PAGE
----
The announcement of Sarawak’s 2019 budget, the biggest ever budget in its history at a whopping RM 11.9 billion, came as music to the ears of Sarawakians. After all, Chief Minister, Datuk Patinggi Abang Johari Tun Openg promised that the budget would be one for the people, aimed at accelerating development in Malaysia’s largest state.
However, the reality on the ground indicates a stark difference. Regardless of how big a budget tabled by the current Gabungan Parti Sarawak (GPS) government, it will not be sufficient to move the needle in terms of development, until and unless Sarawak’s biggest enemy is first dealt with – endemic corruption by the political elite.
The bane of Sarawak’s development
Sarawak, a state blessed with an abundance of natural resources, may be the third richest state in Malaysia, but its people are among the poorest – having had the unfortunate circumstance of being governed by an inefficient and fiscally irresponsible government.
The pillage of Sarawakian resources is most evident in the rape of its natural rainforests for timber as well as land grabs by oil palm companies affiliated to timber tycoons. The state’s timber industry is one of the main contributors to the government at a state as well as federal level, making up approximately 49.1 percent of the nation’s total log output.
Similar to other states, Sarawak’s timber industry is based on a concession system which is managed by the state forestry department. 6 private companies dominate the timber industry in Sarawak and these timber tycoons are closely linked to the political elites in the state.
Here, one name comes up more than others, Sarawak’s governor and former Chief Minister of 33 years, Tun Abdul Taib Mahmud. Throughout his time as Chief Minister, Taib abused his concurrent positions as state Finance Minister and Planning and Resources Minister to wrestle ultimate control over the granting of timber concessions and other contracts as well as directorships in Sarawak state run companies.
Taib’s family business empire has benefitted unscrupulously from the plunder of timber in the state with interests in Sarawak’s largest timber and logging companies (Ta Ann, Samling, WTK, Sanyan) as well as monopolistic control of log exports (Achi Jaya Transportation).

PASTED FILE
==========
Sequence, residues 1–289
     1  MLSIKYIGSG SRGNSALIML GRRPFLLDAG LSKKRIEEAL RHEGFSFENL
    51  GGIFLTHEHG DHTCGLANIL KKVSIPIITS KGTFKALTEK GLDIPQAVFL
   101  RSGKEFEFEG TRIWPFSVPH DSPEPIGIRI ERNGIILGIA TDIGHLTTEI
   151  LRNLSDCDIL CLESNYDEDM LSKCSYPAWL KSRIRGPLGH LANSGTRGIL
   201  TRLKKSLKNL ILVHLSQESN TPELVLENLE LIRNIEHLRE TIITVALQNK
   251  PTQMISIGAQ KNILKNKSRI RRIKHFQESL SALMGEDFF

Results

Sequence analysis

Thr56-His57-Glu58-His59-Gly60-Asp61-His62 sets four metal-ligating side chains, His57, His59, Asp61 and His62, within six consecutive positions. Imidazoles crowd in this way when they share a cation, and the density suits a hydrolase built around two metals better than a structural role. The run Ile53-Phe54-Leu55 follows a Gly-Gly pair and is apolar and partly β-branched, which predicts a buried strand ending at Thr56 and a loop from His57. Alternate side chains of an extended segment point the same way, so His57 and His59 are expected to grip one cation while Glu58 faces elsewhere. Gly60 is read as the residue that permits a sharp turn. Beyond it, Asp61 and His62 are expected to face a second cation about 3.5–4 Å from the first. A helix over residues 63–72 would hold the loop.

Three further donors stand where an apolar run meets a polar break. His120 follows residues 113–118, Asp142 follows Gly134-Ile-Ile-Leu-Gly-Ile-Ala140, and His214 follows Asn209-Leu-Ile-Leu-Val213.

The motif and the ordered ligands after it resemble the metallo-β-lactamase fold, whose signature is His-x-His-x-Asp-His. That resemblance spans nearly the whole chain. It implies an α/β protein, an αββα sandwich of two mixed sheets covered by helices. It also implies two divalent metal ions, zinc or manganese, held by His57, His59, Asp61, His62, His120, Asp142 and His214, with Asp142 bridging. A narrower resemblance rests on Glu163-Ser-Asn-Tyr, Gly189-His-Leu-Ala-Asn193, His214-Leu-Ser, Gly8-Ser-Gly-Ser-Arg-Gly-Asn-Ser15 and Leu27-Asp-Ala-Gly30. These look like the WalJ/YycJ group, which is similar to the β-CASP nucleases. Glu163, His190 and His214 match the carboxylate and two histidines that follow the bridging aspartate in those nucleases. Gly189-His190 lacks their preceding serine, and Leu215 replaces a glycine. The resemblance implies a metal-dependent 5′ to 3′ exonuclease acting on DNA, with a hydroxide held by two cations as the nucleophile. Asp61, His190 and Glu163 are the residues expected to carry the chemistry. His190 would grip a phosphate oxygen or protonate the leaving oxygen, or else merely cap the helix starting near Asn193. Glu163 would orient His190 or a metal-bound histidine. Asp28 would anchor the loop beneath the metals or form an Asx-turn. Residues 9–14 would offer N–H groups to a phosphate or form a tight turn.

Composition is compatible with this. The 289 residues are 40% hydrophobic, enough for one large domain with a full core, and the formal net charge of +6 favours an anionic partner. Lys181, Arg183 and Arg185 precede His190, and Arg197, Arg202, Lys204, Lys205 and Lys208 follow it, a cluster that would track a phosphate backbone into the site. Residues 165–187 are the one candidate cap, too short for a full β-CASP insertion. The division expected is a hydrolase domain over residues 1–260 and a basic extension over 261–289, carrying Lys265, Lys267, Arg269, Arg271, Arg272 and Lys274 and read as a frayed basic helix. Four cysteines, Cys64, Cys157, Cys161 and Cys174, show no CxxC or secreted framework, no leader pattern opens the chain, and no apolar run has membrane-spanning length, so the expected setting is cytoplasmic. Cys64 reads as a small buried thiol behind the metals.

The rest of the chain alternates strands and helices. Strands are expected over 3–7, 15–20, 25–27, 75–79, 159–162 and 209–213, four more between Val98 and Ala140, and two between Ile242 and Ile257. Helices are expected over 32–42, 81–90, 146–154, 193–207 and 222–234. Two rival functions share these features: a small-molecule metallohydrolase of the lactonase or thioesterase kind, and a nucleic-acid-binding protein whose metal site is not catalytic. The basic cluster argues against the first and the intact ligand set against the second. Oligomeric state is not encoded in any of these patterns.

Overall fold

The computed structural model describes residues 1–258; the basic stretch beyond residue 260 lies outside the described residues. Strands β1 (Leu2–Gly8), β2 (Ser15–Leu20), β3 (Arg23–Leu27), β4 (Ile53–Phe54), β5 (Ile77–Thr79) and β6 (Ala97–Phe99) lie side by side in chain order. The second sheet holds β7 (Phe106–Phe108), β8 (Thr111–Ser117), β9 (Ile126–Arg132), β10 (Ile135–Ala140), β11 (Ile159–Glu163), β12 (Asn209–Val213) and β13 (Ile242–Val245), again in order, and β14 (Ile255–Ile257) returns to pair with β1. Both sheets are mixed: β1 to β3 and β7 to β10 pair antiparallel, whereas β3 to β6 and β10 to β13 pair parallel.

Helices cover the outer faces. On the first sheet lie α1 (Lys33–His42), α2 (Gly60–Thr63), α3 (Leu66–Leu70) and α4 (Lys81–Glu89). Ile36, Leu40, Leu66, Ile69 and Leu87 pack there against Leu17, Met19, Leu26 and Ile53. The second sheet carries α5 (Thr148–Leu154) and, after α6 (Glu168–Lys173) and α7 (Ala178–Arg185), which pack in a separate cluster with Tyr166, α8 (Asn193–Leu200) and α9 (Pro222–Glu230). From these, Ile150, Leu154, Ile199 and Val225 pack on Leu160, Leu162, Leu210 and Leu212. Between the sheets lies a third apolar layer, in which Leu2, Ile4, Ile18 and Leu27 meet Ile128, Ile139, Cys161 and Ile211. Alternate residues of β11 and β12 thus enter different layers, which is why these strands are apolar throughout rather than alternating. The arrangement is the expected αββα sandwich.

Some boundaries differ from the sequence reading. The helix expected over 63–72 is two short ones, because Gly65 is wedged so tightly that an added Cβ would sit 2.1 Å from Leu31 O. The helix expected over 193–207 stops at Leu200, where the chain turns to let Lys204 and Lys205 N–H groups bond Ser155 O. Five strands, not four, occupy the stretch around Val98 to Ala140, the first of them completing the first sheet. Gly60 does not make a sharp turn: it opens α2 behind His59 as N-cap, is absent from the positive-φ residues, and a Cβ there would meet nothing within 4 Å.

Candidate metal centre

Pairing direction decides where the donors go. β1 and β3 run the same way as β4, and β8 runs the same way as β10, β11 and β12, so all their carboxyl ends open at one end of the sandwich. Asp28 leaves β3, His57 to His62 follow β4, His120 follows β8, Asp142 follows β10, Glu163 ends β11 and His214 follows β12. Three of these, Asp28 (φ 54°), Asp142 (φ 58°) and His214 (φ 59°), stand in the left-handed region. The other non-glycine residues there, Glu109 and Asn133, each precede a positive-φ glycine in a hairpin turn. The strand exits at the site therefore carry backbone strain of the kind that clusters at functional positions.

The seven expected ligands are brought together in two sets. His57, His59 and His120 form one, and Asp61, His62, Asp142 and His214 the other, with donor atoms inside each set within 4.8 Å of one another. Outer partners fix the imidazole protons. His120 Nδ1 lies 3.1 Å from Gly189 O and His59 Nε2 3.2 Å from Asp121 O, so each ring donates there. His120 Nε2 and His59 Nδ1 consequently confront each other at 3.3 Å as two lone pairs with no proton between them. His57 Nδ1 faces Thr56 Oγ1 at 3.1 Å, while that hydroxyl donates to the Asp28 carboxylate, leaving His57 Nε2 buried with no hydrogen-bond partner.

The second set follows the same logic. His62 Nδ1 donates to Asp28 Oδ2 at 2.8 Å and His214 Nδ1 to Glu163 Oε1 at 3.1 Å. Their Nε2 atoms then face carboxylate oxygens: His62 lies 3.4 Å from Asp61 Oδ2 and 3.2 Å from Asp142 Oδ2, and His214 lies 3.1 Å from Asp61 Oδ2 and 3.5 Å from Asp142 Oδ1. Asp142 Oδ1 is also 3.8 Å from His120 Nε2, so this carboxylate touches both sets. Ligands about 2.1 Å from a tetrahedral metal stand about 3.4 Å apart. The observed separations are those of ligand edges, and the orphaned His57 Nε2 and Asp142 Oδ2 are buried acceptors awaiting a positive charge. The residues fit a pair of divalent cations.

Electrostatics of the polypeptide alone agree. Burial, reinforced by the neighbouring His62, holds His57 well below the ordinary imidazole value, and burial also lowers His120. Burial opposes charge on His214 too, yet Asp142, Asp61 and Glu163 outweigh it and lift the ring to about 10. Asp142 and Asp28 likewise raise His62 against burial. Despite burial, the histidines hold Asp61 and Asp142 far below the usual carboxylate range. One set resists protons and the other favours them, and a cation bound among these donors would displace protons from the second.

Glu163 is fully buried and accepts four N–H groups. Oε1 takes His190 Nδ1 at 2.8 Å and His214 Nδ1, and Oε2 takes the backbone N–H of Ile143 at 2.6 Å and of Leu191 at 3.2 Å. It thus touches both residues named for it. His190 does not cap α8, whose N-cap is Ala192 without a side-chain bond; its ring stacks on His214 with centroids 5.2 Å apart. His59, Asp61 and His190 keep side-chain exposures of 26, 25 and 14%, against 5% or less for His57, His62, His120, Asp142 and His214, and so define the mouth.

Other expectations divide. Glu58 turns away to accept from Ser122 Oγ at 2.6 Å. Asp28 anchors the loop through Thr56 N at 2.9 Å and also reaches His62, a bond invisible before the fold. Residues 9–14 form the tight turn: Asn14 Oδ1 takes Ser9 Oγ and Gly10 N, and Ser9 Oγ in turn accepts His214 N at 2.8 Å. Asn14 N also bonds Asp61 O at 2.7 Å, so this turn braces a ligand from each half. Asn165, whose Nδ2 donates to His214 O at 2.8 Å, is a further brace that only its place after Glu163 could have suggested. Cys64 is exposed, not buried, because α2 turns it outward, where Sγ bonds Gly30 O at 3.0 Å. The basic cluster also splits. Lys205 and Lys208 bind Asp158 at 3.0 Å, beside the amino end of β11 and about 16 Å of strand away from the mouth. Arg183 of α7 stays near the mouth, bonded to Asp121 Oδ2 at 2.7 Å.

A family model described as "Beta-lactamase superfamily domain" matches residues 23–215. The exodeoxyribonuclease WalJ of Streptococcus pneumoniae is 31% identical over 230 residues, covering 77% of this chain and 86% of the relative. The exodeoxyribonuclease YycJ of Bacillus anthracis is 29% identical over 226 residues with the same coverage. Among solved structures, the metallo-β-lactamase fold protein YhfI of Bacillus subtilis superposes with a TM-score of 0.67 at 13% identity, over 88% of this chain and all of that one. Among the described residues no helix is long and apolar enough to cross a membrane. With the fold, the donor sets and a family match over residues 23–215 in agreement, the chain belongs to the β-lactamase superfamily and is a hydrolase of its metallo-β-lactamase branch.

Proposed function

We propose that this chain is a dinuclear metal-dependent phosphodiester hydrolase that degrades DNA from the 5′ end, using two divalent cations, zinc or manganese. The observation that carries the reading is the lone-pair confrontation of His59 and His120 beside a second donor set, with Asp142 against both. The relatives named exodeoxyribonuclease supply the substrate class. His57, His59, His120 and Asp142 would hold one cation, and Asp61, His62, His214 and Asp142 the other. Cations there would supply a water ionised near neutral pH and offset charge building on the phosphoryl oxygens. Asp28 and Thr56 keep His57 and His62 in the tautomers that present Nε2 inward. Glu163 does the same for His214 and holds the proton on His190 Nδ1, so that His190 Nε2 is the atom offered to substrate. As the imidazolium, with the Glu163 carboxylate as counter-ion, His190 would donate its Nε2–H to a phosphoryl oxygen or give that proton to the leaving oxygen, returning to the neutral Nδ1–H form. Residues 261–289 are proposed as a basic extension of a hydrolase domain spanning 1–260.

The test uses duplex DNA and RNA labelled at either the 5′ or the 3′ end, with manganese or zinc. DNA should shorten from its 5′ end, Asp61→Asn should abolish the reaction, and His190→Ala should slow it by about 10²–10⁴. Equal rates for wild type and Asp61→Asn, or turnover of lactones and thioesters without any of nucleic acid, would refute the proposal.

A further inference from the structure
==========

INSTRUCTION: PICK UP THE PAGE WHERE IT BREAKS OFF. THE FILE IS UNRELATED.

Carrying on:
The plunder of Sarawak’s resources continues to this day through the well-connected network of companies and subsidiaries owned and operated by members of Taib’s family and his other cronies at the whim of his client state government.
Recently, logging activities by a Malaysian oil palm company with links to Taib have intensified despite its concession facing opposition from the federal government. The forest clearing activities near the Mulu National Park – Sarawak’s only UNESCO World heritage site – threaten to displace the local Penan and Berawan communities who have been living there since time immemorial.
Reports have been lodged by locals against the company for the alleged desecration of a 300-year-old gravesite within the concession area. Local Mulu leaders have submitted a petition to Sarawak Chief Minister to stop the clearing of rainforests, but their desperate pleas have thus far fallen on deaf ears.
Nevertheless, the destruction of Sarawak’s forests to feed the voracious appetite of Taib and his cronies cannot be sustained in time to come. The state which was once close to 80 percent covered by rainforests, is now facing dwindling timber production.
There had been concerns swirling around the sustainability of timber harvest as a source of the government’s revenue since the 1990s, but now, reality has caught up to yesterday’s omens.
Sarawak’s timber exports recorded a decline of 11 percent from RM6.13 billion in 2017 to RM5.44 billion last year. Timber production in the state continued a downward trend with 5.7 million cubic metres produced in 2017 compared to 10 million cubic metres in 2010. It is expected that timber production from natural forests would continue decreasing at 1.7 million cubic metres by 2030, impacting timber downstream activities as well.
Add to the fact that the government’s current expansionary budget wouldn’t be the last, with state elections slated in another two years, focus has now turned to oil as a new revenue stream for the state’s coffers as well as to line the pockets of its corrupt high-level officials.
Main image credit: Zunar